So why don't you conclude there can be no universe of zero objects.  And what exactly is an object?  It's not a term that appears in quantum field theory?


Otherwise without some rule saying "the number of physical objects is and shall always be 0" what is to stop the nothing from becoming a universe having a non zero number of objects?

That's actually a well worked out theory, c.f. Hartle-Hawking, that nothing became a universe.  Lawrence Krauss wrote a book about it.



I don't see any way from escaping the necessity of rules and the number zero, for a nothing of the kind you describe.

Not do I see a way for zero to exist apart from all the other numbers.

That's "t" under Peano's axioms.


Zero has properties, including factors. The factors of zero include all integers.

Oh, well that proves it's real.

Brent

Brent Meeker

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Aug 12, 2022, 5:25:35 PMAug 12
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On 8/12/2022 12:56 PM, Jason Resch wrote:


On Fri, Aug 12, 2022, 3:29 PM Brent Meeker <meeke...@gmail.com> wrote:


On 8/12/2022 12:13 PM, Jason Resch wrote:


On Fri, Aug 12, 2022, 2:18 PM Brent Meeker <meeke...@gmail.com> wrote:


On 8/12/2022 10:56 AM, Jason Resch wrote:
Below is what I wrote:

The way I like to think about it is this: If one is willing to believe that truth values for mathematical relations like “2 + 2 = 4” can exist and be true independently of the universe or someone writing it down, or a mathematician thinking about it, that is all you need.

But it's truth value does depend on someone assigning the value "t" to some axioms and all mathematical truth values are nothing but "t" arbitrarily assigned to some axioms plus some rules of inference that preserve "t".  "t" has little to do with what it true in the world.

The physical world chugs along with anyone having to assign to assign values, or apply rules of inference.

Why can't the same be true for other platonic objects?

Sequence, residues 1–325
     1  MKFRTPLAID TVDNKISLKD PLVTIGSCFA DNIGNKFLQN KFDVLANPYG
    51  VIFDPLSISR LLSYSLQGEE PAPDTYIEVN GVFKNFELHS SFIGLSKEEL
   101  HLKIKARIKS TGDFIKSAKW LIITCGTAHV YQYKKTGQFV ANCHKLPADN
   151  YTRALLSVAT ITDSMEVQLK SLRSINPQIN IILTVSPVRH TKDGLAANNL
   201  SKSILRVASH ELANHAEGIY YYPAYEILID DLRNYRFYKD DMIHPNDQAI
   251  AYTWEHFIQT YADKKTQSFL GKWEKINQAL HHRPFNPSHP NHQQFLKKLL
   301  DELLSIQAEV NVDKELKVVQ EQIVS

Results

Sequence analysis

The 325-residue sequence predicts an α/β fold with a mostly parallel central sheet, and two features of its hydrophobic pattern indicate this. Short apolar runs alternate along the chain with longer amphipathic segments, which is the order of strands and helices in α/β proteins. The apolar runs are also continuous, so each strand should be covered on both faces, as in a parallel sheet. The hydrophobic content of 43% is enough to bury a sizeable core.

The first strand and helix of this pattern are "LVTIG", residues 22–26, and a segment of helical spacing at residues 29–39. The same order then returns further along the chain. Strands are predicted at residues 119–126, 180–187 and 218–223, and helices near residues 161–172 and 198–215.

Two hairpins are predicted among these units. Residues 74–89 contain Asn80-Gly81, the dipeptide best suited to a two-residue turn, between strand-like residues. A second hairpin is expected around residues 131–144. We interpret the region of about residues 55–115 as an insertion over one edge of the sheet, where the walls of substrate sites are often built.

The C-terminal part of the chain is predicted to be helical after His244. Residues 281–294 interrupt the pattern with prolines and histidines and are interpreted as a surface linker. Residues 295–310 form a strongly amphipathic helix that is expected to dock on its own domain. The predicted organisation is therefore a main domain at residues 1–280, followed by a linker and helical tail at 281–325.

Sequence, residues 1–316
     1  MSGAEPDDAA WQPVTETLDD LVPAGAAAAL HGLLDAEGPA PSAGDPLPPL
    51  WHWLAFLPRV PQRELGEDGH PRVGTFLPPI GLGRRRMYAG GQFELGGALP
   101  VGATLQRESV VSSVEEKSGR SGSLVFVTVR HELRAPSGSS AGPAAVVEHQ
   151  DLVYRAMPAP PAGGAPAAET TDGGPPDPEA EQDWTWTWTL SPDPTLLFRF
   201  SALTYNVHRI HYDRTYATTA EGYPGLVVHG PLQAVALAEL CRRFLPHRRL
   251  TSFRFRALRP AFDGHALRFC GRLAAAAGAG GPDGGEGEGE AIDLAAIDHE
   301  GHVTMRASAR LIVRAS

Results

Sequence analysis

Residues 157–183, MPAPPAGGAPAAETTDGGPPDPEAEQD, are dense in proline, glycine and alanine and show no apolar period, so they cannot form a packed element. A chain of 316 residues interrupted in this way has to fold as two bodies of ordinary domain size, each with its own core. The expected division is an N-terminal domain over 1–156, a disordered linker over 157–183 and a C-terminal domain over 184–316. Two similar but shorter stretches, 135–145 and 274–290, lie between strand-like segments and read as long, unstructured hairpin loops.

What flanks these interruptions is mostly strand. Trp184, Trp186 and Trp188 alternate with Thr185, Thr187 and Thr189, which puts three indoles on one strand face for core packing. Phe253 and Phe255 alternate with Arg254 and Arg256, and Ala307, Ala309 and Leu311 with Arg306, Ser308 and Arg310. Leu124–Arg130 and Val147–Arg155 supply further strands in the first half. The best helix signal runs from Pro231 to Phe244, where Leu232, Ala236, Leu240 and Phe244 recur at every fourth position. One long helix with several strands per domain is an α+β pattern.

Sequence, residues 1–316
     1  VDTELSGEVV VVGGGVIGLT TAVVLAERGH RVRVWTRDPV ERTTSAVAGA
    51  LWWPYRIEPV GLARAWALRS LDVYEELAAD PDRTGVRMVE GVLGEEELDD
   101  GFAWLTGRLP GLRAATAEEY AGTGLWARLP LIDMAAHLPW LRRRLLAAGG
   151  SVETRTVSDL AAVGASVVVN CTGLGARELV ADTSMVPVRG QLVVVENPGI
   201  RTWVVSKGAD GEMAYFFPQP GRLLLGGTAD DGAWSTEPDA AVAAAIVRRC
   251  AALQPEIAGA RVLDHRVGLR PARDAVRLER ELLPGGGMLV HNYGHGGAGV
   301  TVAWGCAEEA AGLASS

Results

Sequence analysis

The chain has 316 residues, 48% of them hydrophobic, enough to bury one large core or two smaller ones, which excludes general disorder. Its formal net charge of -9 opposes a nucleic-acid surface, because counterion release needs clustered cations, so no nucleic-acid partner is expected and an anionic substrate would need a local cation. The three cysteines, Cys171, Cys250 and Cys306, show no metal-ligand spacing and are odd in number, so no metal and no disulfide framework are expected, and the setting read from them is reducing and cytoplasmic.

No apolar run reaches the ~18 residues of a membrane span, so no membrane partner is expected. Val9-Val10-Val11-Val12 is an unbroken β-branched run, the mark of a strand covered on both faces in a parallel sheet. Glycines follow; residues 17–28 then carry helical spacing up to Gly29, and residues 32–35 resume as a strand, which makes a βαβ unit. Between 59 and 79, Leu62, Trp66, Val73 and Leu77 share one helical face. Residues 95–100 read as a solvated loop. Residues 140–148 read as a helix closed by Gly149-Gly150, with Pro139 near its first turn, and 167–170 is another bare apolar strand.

Because "Platonic" means "exists only in imagination".

Perhaps conventionally.

But perhaps physical existence is platonic existence (i.e. all self-consistent structures exist, all rule based formal systems, etc.).

Given a sufficiently broad definition of "exists".   Just like 2+2=5 for sufficiently large values of 2.



This would account for fine-tuning, and plausibly yield an answer to "why quantum mechanics?"

One can "account" for anything in words.

Brent

Jason Resch

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Aug 12, 2022, 5:29:35 PMAug 12
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Not exactly. The existence of a plentitude implies observers should find themselves entwines with an environment having many-histories.

If there was no QM, that would rule out the existence of a plentitude.

Jason



Brent

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Brent Meeker

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Aug 12, 2022, 6:05:23 PMAug 12
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On 8/12/2022 2:29 PM, Jason Resch wrote:


On Fri, Aug 12, 2022, 5:25 PM Brent Meeker <meeke...@gmail.com> wrote:


On 8/12/2022 12:56 PM, Jason Resch wrote:


On Fri, Aug 12, 2022, 3:29 PM Brent Meeker <meeke...@gmail.com> wrote:


On 8/12/2022 12:13 PM, Jason Resch wrote:


On Fri, Aug 12, 2022, 2:18 PM Brent Meeker <meeke...@gmail.com> wrote:


On 8/12/2022 10:56 AM, Jason Resch wrote:
Below is what I wrote:

The way I like to think about it is this: If one is willing to believe that truth values for mathematical relations like “2 + 2 = 4” can exist and be true independently of the universe or someone writing it down, or a mathematician thinking about it, that is all you need.